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Wind River Subbasin Restoration, Annual report of U.S. Geological Survey activities, January 2016 through December 2016

February 1, 2018

We used Passive Integrated Transponder (PIT)-tagging and a series of instream PIT-tag interrogation systems (PTISs) to investigate life-histories, populations, and efficacy of habitat restoration actions for steelhead Oncorhynchus mykiss in the Wind River subbasin, WA. Our tagging focused on parr in headwaters areas of the subbasin and our instream readers provided information on movement of these parr and other life-stages of tagged steelhead. The Wind River subbasin in southwest Washington State provides habitat for a population of wild Lower Columbia River steelhead and is an excellent watershed for long-term studies of population dynamics and responses to restoration of this wild population. No hatchery steelhead have been planted in the Wind River subbasin since 1994, and hatchery adults are estimated to be less than one percent of adults in any year (pers comm. Thomas Buehrens, Washington Department of Fish and Wildlife). Numerous restoration actions have been implemented in the subbasin, including the removal of Hemlock Dam on Trout Creek in 2009. Data from our study, and companion work by Washington Department of Fish and Wildlife (WDFW), will contribute to Bonneville Power Administration’s (BPA) Research Monitoring and Evaluation (RM&E) Program Strategy of Fish Population Status Monitoring (, specifically the substrategies of: 1) Assessing the Status and Trends of Diversity of Natural Origin Fish Populations and to Uncertainties Research regarding differing life histories of a wild steelhead population, 2) Assessing the Status and Trend of Adult Natural Origin Fish Populations, and 3) Monitoring and Evaluating the Effectiveness of Tributary Habitat Actions Relative to Environmental, Physical, or Biological Performance Objectives.

During summer 2016, we sampled and PIT-tagged age-0 and age-1 steelhead parr in headwater areas of the Wind River subbasin to characterize population traits and investigate variable life-histories, including growth and parr movement downstream prior to smolting. Repeat sampling and smolt traps provide opportunities for recapture, and instream PTISs and Columbia River infrastructure provide opportunity for detection of PIT-tagged fish.

Throughout the year, we maintained a series of instream PTISs to monitor movement of tagged steelhead parr, smolts, and adults. During 2016, we repaired or replaced much of our instream PTIS infrastructure that had been damaged or destroyed during a large flood event in December 2015. This included moving our upper Wind River detection site (WRU) about a kilometer downstream to a location we hope to be less susceptible to damage in high flows and that will allow grid power connection for more reliable winter operations.

Detections at the instream PTISs showed trends of parr emigration during summer and fall, in addition to the expected movement of parr and smolts in spring. These data are increasing our understanding of varied life histories of juvenile steelhead; paired with other steelhead population work in the subbasin we hope to begin to understand some of the factors which may influence parr movements. Long-term monitoring of PIT-tagged fish over multiple years is providing information on contribution of various life-history strategies to smolt production and adult returns, as well as helping to identify factors influencing parr movement.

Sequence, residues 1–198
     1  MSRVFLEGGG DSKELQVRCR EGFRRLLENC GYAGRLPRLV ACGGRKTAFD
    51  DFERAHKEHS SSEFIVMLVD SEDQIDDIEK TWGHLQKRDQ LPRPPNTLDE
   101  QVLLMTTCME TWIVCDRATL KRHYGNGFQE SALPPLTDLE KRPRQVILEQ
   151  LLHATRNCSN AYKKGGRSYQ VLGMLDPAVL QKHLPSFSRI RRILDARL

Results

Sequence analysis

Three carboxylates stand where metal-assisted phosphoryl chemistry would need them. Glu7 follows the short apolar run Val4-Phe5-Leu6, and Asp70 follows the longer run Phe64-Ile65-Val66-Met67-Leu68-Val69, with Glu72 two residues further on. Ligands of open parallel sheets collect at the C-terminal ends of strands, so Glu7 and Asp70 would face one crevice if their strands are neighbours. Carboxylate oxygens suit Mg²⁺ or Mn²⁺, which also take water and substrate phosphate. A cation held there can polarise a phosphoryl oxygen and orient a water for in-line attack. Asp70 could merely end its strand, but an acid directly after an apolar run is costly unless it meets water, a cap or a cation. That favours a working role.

Movements of PIT-tagged adult steelhead were also tracked with our instream PTISs. These data have provided information on timing of adult movements to various parts of the watershed, which is allowing us to assess adult returns to tributary watersheds within the Wind River subbasin. Determination of adult use of tributary watersheds is providing data to contribute to evaluation of the efficacy of the removal of Hemlock Dam on Trout Creek. Hemlock Dam, located at rkm 2.0 of Trout Creek was removed in summer 2009 and had contributed to hydrologic impairment of Trout Creek

Evaluating restoration efforts is of interest to many managers and agencies so that funding and time are allocated for best results. The evaluation of various life-histories of Lower Columbia River steelhead within the Wind River subbasin will provide information to better track populations, and to direct habitat restoration and water allocation planning. Increasingly detailed Viable Salmonid Population information, such as that provided by PIT-tagging and instream PTISs networks like those we are building and operating in the Wind River subbasin, will provide data to inform policy and management, as life-history strategies and production bottlenecks are identified and understood.

Publication Year 2018
Title Wind River Subbasin Restoration, Annual report of U.S. Geological Survey activities, January 2016 through December 2016
Authors Ian G. Jezorek, Patrick J. Connolly
Publication Type Report
Publication Subtype Other Report
Index ID 70202267
Record Source USGS Publications Warehouse
USGS Organization Western Fisheries Research Center